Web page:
The Caribbean region is one of the most exposed to the pandemic economic shock, due to its dependence on tourism and travel. Nevertheless, Caribbean countries have been largely successful in containing COVID-19 transmissions. After months of restricted movement between countries and within national borders, during this second half of 2020 countries are re-opening and starting to get on with the ‘new normal’ of life with COVID-19. So, what changes might we see to Caribbean tourism?
A new IDB podcast, ‘Tourism in the Caribbean: Stories from the field during COVID-19’, discusses the initiatives being put in place to support tourism organizations, governments, and related actors in the industry. Here are some of the highlights:
- A revamped tourism product grounded in environmental sustainability
IDB Lab, in collaboration with the United Nations World Tourism Organization, has launched the Beyond Tourism Innovation Challenge to support innovative technologies aimed at revitalizing the tourism sector in 15 countries in Central America and the Caribbean. Entries close July 31, 2020.
Innovations will be focused on two broad categories:
i) Workforce development with digital skills useful for the recovery phase, including a mix of competencies for product development, marketing and market intelligence, among others.
ii) Environmental sustainability favoring measures to conserve energy, water, and transition to circular economy approaches to reduce natural resource use and utilize climate-smart agricultural innovations and technologies.
Winning proposals may receive IDB Lab financing (non-reimbursable) from US$250,000 to US$500,000 and/or reimbursable financing from US$500,000 to US$2 million.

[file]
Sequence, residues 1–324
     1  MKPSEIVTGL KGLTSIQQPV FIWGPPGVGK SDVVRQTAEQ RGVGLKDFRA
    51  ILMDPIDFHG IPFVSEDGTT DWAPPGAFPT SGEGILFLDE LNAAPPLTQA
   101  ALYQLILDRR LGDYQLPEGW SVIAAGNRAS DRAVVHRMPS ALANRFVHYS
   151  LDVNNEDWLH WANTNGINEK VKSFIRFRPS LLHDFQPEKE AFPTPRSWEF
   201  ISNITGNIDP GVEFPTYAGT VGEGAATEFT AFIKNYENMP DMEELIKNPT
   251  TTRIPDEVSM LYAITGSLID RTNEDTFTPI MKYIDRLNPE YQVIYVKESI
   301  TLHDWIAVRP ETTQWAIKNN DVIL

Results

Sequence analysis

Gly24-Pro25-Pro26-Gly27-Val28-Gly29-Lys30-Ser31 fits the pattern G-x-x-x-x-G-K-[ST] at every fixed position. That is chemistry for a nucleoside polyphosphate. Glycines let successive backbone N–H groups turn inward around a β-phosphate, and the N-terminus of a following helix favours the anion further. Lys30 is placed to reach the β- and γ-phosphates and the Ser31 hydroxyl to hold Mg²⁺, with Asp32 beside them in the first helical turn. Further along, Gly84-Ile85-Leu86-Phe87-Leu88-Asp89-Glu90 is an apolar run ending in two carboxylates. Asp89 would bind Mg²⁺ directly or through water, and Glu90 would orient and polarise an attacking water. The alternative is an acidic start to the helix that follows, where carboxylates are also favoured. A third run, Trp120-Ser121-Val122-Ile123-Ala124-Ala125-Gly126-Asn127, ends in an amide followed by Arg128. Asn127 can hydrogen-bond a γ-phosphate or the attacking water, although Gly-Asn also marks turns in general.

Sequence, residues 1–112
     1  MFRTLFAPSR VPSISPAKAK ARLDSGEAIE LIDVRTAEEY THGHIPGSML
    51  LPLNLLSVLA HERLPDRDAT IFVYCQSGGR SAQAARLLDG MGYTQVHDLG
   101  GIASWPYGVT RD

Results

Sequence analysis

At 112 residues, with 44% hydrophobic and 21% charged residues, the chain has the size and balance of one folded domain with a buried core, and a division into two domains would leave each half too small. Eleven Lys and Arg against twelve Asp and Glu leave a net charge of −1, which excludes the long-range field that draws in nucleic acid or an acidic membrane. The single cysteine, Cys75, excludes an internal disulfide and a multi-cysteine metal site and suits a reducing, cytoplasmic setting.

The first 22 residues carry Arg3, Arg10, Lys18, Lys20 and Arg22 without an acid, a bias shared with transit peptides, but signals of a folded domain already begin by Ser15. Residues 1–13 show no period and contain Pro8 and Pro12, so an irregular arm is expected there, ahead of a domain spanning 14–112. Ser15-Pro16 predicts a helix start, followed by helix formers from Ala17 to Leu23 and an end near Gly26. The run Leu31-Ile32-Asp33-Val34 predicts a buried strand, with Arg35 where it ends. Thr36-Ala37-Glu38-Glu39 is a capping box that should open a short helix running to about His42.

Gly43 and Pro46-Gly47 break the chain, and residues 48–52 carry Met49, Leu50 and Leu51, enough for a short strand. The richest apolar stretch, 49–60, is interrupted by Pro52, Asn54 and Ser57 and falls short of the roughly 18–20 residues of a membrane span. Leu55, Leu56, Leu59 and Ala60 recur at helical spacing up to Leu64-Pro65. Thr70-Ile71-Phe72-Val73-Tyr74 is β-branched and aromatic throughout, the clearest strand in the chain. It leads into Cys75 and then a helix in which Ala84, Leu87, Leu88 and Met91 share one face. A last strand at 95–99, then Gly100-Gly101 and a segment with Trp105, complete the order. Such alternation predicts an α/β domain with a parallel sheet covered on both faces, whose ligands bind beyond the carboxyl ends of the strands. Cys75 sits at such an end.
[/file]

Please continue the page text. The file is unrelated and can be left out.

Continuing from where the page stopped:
2. High-quality, authentic Community-Based Tourism experiences
Before the onset of the pandemic, the Compete Caribbean Partnership Facility was working with the Caribbean Tourism Organization (CTO), to develop a toolkit for community-based tourism that appeals to the digitally-savvy, adventure-seeker by providing easier access to authentic experiences. This toolkit is intended to help the CTO strengthen these offerings, and better market them to potential visitors. Meanwhile, Compete Caribbean will be moving forward with providing technical assistance to six projects from The Bahamas, Belize, Jamaica, Dominica and St. Lucia that were shortlisted in conjunction with the CTO through a Community-Based Tourism Cluster Competition which closed in January 2020.
3. Using technology to reinforce the Caribbean as a ‘safe space’
With COVID-19 impacting many aspects of business, Compete Caribbean Partnership Facility is also seeking to expand the scope of an ongoing regional pilot to enhance the use of technology in both tourism and agro-processing. Areas of interest include more widespread adoption of biosecurity protocols and digitization of services by a range of actors in the tourism industry, as well as using technology to reinforce to potential customers the security measures that have been adopted in their Caribbean destination.
Meanwhile, IDB Lab is in the process of preparing two exciting initiatives within the context of COVID-19. The first is in partnership with the Korean Government to prototype deep-tech collaborations between start-ups developing short-term health solutions and medium- and long-term solutions for economic recovery. Meanwhile, the second initiative seeks to support the resilience of neighborhood stores – a mainstay and essential service provider for thousands of local communities across the region.
Listen to the Improving Caribbean Lives podcast for the full discussion!
For more podcasts in the series, click here.
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